Rachmaninov: Symphony No. 2 (DVD review)
Some years ago, a friend asked me if I was one of those guys who sat in front of his speakers and simply listened to music. I said yes. He said, "That's sort of like meditation, isn't it?" I hadn't thought about it that way, but it did remind me that most folks don't actually listen exclusively to music. Instead, they're reading a book or a magazine; eating their lunch or dinner; doing their homework; working around the house, etc., when they're playing music. One of the important things that surround-sound in home theater systems has done for music listening is that it has often forced people to sit in the optimum listening position in front of the television and actually listen. At least, sometimes.
Which brings us to the point of the review: This EuroArts disc is a audio-video DVD for people who enjoy watching something while they're listening. On the disc, Eugene Ormandy conducts the Philadelphia Orchestra in live 1977 and 1979 performances of Igor Stravinsky's Firebird Suite and Sergei Rachmaninov's Symphony No. 2. They are not the greatest performances in the world, nor is it the best sound in the world, but it is a nice change of pace seeing a world-famous conductor leading a world-class orchestra.
Things begin with the Firebird music, which, of course, is colorful and characterful, with Ormandy doing his best to maintain the mystery and excitement of the piece. Then we get about nine minutes of Ormandy introducing the Rachmaninov, in which the conductor reminisces about his long friendship with the composer, complete with amusing anecdotes.
Lastly, we get to the Second Symphony, one of the most overtly Romantic pieces of music ever written. Rachmaninov premiered the work in 1908, making it one of the last vestiges of traditional Romanticism. (Regardless, any number of twentieth-century composers as diverse as Aaron Copland and Alan Hovhaness carried on the Romantic tradition.)
Anyway, while there is much talk in the booklet notes about how neither Ormandy nor Rachmaninov liked the cuts often taken in the score by so many other conductors, it appears that Ormandy took a few here himself. That and the fact that Ormandy rather races through some of the movements makes his interpretation somewhat shorter than most complete versions.
Insofar as the sound is concerned, the DVD provides three formats: PCM stereo, Dolby Digital 5.1, and DTS 5.1. Of the three, the PCM comes across as the most natural, Dolby Digital seems to provide the most orchestral depth, and DTS appears to be the most dynamic (although also the brightest). I reviewed the disc on two separate systems: First, in my home-theater setup using 7.1 speakers and a widescreen Sony XBR television (the disc's video derives from a typical, standard-def, 1.33:1 ratio broadcast of the Seventies) and afterwards in my living-room music setup in ordinary two-channel stereo, sans TV. In both instances and in all three audio formats, I thought the sound lacked much bite, detailing, transparency, treble extremes, deepest bass, and transient impact. Worse, I found the audience noise so intrusive, I was aware of it at all times. This constant background noise is mitigated somewhat when one's mind is centered on the video, but it's still present.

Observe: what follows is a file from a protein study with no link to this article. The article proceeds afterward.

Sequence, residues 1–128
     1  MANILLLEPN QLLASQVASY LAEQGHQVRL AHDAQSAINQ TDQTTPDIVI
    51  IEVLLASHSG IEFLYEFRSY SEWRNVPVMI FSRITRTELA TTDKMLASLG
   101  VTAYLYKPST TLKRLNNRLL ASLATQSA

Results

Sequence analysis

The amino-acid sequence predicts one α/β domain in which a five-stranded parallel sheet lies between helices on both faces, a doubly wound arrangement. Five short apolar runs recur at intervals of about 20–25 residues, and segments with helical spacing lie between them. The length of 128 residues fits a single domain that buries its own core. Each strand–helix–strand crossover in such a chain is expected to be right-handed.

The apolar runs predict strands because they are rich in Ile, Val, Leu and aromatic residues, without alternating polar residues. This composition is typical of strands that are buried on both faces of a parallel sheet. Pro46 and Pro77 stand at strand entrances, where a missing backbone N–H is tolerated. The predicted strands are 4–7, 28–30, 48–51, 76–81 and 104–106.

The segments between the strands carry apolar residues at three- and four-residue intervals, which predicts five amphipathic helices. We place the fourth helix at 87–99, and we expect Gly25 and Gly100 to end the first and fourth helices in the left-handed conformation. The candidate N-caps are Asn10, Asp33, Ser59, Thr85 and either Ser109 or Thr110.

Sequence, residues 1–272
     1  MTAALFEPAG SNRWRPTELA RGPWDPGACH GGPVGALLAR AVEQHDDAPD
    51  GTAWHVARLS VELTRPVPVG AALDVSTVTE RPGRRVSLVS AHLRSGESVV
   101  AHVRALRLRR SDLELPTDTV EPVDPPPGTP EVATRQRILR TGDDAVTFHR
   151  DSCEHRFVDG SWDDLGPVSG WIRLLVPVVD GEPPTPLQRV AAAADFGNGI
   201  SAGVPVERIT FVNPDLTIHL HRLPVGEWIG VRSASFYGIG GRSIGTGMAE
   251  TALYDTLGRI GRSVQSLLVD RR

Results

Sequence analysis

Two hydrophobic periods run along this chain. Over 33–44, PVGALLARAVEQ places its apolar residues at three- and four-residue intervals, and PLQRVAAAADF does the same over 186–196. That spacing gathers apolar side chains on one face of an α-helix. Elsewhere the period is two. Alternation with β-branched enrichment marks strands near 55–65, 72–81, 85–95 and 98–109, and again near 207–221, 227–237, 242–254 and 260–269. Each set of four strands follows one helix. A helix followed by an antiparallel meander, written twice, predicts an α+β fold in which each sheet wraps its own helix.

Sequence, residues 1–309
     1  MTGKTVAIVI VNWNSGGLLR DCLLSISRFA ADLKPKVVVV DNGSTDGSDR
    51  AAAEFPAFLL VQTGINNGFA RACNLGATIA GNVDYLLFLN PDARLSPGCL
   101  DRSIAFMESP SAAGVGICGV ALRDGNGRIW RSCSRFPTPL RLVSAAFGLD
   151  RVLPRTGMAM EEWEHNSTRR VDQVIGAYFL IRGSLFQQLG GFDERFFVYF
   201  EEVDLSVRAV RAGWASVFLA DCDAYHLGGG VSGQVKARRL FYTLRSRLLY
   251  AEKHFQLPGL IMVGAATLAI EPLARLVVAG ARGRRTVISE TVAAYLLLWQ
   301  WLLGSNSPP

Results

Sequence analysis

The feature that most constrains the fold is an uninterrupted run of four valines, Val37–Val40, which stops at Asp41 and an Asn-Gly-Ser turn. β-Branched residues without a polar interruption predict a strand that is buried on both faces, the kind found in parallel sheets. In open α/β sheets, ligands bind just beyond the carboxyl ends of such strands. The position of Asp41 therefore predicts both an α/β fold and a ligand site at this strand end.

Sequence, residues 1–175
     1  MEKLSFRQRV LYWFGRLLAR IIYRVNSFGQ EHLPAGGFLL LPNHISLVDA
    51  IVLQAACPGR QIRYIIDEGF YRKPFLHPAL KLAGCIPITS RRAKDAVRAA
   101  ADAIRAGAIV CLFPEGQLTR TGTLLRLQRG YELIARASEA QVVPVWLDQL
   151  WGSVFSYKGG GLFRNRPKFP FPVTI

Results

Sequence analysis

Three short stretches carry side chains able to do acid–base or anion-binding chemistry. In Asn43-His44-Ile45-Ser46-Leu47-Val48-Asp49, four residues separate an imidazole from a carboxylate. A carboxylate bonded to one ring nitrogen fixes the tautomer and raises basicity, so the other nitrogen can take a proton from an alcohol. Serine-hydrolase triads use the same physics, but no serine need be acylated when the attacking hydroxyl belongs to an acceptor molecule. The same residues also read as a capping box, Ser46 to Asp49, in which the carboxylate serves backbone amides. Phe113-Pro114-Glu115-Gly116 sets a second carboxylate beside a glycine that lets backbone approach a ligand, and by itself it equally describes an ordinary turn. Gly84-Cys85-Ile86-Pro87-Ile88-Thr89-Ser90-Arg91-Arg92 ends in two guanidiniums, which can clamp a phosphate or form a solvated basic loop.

Nonetheless, as I've said, you don't buy these kinds of classical music videos for their audiophile sound qualities but to see and hear a live event. In this regard, the disc works fine.
William (Bill) Heck, Contributing Reviewer
Among my early childhood memories are those of listening to my mother playing records (some even 78 rpm ones!) of both classical music and jazz tunes. I suppose that her love of music was transmitted genetically, and my interest was sustained by years of playing in rock bands – until I realized that this was no way to make a living. The interest in classical music was rekindled in grad school when the university FM station serving as background music for studying happened to play the Brahms First Symphony. As the work came to an end, it struck me forcibly that this was the most beautiful thing I had ever heard, and from that point on, I never looked back. This revelation was to the detriment of my studies, as I subsequently spent way too much time simply listening, but music has remained a significant part of my life. These days, although I still can tell a trumpet from a bassoon and a quarter note from a treble clef, I have to admit that I remain a nonexpert. But I do love music in general and classical music in particular, and I enjoy sharing both information and opinions about it.
The audiophile bug bit about the same time that I returned to that classical music. I’ve gone through plenty of equipment, brands from Audio Research to Yamaha, and the best of it has opened new audio insights. Along the way, I reviewed components, and occasionally recordings, for The $ensible Sound magazine. Recently I’ve rebuilt--I prefer to say reinvigorated--my audio system, with a Sangean FM HD tuner and (for the moment) an ancient Toshiba multi-format disk player serving as a transport, both feeding a NAD C 658 streaming preamp/DAC, which in turn connects to a Legacy Powerbloc2 amplifier driving my trusty Waveform Mach Solo speakers, supplemented by a Hsu Research ULS 15 Mk II subwoofer.